Why Dallas County DA Craig Watkins didn’t plead the Fifth

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  • March 22, 2013

Why Dallas County DA Craig Watkins didn’t plead the Fifth

Russell Wilson joined the Dallas County District Attorney’s office as special fields bureau chief in 2011. Today, he heads the Conviction Integrity Unit and oversees the office’s appellate, public integrity, federal and mental health sections. Born in Wiesbaden, Germany, and raised in the Dallas area, he earned a political science degree from the University of Oklahoma and graduated from its College of Law in 1995. Most recently, he has been presenting arguments for District Attorney Craig Watkins, who has faced prosecutorial misconduct allegations for his handling of a criminal indictment against H.L. Hunt’s grandson, Al Hill III. Watkins, a Democrat, has been cited for contempt of court for refusing to testify, amid reports of a federal investigation into his actions. On Thursday, a special prosecutor was appointed in the contempt case. (This is a longer version of the Q&A appearing in Sunday’s Points section.)

Is representing District Attorney Craig Watkins on the Al Hill III-Lisa Blue matter part of your regular, salaried duties or a separate contract situation?

I represent the state of Texas in the State of Texas vs. Albert Hill III. Mr. Watkins is the elected district attorney for Dallas County. I am employed by him, but I am not his personal attorney. My work on the State of Texas vs. Albert Hill III is part of my regular salaried duties; there is no separate contract. The Al Hill III-Lisa Blue matter is a dispute that is pending in federal court, and I am not an attorney of record for any party in the dispute, and Mr. Watkins is not a party to that dispute.

Explain the legal reasoning to allow prosecutors under Watkins to answer at least some questions regarding work product in the Hill case but not the district attorney himself.

In short, I didn’t want to see innocent victims get mowed down with contempt citations. The choice was to have every prosecutor held in contempt and run the risk associated with contempt or have Mr. Watkins bear the burden for the entire office. The threat of contempt is inherently coercive. Donna Strittmatter, Stephanie Martin and Terri Moore are all outstanding attorneys. Each one has a personal life, with friends and family away from the legal battles at the courthouse. They weren’t choosing to testify; they were choosing not to be held in contempt. Their personal interest of avoiding contempt citations were put before the interest of the office in maintaining our work-product privilege.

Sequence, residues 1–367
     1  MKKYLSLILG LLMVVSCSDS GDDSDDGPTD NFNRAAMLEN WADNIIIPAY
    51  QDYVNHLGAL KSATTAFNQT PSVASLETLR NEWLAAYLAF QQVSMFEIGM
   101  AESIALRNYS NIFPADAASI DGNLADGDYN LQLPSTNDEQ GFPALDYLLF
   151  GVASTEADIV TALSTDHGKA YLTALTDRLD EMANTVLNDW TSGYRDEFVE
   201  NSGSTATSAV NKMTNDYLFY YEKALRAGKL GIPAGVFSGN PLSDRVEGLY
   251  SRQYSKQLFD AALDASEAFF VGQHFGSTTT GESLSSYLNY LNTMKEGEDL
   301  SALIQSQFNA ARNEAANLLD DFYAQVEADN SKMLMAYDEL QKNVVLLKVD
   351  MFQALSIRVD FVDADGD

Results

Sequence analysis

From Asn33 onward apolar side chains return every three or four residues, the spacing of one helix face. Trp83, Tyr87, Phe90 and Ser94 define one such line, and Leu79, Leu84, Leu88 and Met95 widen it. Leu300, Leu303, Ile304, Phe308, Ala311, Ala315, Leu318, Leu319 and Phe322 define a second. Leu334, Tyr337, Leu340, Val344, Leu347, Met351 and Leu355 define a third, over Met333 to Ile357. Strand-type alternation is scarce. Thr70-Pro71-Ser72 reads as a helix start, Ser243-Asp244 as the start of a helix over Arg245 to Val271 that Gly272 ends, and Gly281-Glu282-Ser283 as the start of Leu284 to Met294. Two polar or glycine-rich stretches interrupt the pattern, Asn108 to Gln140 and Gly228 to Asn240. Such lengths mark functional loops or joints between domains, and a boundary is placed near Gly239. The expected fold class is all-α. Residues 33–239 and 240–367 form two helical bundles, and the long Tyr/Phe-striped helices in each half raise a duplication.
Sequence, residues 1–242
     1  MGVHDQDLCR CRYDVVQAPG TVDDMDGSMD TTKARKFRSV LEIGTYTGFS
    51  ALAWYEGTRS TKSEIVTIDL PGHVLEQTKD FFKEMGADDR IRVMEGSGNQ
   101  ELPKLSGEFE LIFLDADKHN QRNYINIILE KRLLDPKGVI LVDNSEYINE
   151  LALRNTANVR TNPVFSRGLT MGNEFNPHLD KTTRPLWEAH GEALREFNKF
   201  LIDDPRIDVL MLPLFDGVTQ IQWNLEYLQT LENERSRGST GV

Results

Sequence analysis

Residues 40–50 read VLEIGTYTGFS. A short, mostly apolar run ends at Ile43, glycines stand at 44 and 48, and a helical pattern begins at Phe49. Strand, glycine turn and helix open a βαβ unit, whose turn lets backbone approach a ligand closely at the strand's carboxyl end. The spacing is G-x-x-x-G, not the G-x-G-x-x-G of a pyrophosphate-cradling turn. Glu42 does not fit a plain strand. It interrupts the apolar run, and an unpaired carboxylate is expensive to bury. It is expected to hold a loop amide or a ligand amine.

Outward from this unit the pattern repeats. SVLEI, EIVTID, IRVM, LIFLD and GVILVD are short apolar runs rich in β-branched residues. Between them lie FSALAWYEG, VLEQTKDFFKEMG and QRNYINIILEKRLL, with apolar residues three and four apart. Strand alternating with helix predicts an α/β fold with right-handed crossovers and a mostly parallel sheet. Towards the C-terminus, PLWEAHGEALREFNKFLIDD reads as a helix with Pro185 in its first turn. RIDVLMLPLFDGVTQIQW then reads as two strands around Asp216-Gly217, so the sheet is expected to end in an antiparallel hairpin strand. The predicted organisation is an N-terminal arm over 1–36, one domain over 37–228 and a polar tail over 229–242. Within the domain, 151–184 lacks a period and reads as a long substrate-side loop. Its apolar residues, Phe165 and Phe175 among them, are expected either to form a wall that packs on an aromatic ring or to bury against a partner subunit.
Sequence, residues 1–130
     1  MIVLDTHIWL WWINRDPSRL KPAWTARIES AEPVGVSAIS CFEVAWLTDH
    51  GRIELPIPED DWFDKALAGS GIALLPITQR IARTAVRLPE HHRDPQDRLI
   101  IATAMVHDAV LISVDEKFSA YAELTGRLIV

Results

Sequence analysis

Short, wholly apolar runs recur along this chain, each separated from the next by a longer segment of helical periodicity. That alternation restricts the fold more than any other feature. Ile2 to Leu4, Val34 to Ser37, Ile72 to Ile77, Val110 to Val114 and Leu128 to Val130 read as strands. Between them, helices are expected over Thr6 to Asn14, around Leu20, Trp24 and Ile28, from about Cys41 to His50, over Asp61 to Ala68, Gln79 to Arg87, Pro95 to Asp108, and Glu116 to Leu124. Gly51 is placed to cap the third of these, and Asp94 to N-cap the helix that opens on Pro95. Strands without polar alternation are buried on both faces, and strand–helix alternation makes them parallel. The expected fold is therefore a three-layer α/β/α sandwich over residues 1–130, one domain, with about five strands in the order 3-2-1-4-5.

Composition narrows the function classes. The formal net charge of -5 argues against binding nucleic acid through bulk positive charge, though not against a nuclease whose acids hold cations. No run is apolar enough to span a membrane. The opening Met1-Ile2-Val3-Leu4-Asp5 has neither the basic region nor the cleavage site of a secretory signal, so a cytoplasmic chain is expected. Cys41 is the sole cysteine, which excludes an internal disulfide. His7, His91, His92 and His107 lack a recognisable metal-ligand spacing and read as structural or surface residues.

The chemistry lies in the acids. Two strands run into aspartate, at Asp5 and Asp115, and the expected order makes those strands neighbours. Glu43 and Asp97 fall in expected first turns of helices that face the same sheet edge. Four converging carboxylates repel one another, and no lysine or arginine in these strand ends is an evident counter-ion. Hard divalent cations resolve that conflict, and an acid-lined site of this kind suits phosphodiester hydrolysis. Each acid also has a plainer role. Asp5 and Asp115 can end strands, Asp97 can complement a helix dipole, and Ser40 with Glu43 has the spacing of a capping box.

What was your reaction to Lisa Blue invoking her Fifth Amendment rights at both hearings, despite not being accused of wrongdoing? And why did Watkins not take a similar path, given that the judge insisted he testify?

I didn’t have much of a reaction to Blue’s decision because it had no impact on our fundamental assertion of work-product privilege. In short, if Blue had testified, I would have still been asserting work-product privilege, as we had done in our pleadings.

The judge insisted that four attorneys testify. The problem with this insistence was that it conflicted with the work-product privilege; it had nothing to with the Fifth.

Shortly after state District Judge Lena Levario ruled, your office tweeted: “We clearly disagree with Judge Levario’s dismissal of the Hills fraud case. This is an example of rich people manipulating the system.” Can you explain further the manipulation?

Yes, the focus in the case was driven away from whether Hill III committed the offense of mortgage fraud. An impartial Dallas County grand jury indicted him after a lengthy investigation. Most defendants have to answer to the charges against them in substantive way. Additionally, the concept that it would be permissible to make false statements on a loan application and have your case dismissed without answering as to the falsity of the statements sets a terrible precedent for the everyday citizen in Dallas County. If the concept held true, citizens who could get half-million dollar loans would be exempt from prosecution, while those who could only get $20,000 loans would face harsh punishment.

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